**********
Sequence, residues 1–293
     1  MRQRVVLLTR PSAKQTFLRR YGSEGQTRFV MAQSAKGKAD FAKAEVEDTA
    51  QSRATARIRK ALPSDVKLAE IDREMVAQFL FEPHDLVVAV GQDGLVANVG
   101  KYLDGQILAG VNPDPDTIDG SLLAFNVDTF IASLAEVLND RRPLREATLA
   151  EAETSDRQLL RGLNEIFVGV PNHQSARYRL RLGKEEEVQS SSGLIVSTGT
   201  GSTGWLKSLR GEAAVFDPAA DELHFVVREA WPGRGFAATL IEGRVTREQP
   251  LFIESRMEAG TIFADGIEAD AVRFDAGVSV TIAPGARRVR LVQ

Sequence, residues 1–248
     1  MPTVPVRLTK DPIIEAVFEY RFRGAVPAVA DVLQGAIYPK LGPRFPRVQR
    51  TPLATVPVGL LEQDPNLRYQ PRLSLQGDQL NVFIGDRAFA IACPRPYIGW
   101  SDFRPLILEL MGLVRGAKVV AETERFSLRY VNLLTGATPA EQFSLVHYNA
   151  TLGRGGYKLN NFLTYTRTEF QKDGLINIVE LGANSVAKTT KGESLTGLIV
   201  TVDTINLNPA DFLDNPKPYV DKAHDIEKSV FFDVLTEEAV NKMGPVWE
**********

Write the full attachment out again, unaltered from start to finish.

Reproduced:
Sequence, residues 1–293
     1  MRQRVVLLTR PSAKQTFLRR YGSEGQTRFV MAQSAKGKAD FAKAEVEDTA
    51  QSRATARIRK ALPSDVKLAE IDREMVAQFL FEPHDLVVAV GQDGLVANVG
   101  KYLDGQILAG VNPDPDTIDG SLLAFNVDTF IASLAEVLND RRPLREATLA
   151  EAETSDRQLL RGLNEIFVGV PNHQSARYRL RLGKEEEVQS SSGLIVSTGT
   201  GSTGWLKSLR GEAAVFDPAA DELHFVVREA WPGRGFAATL IEGRVTREQP
   251  LFIESRMEAG TIFADGIEAD AVRFDAGVSV TIAPGARRVR LVQ

Sequence, residues 1–248
     1  MPTVPVRLTK DPIIEAVFEY RFRGAVPAVA DVLQGAIYPK LGPRFPRVQR
    51  TPLATVPVGL LEQDPNLRYQ PRLSLQGDQL NVFIGDRAFA IACPRPYIGW
   101  SDFRPLILEL MGLVRGAKVV AETERFSLRY VNLLTGATPA EQFSLVHYNA
   151  TLGRGGYKLN NFLTYTRTEF QKDGLINIVE LGANSVAKTT KGESLTGLIV
   201  TVDTINLNPA DFLDNPKPYV DKAHDIEKSV FFDVLTEEAV NKMGPVWE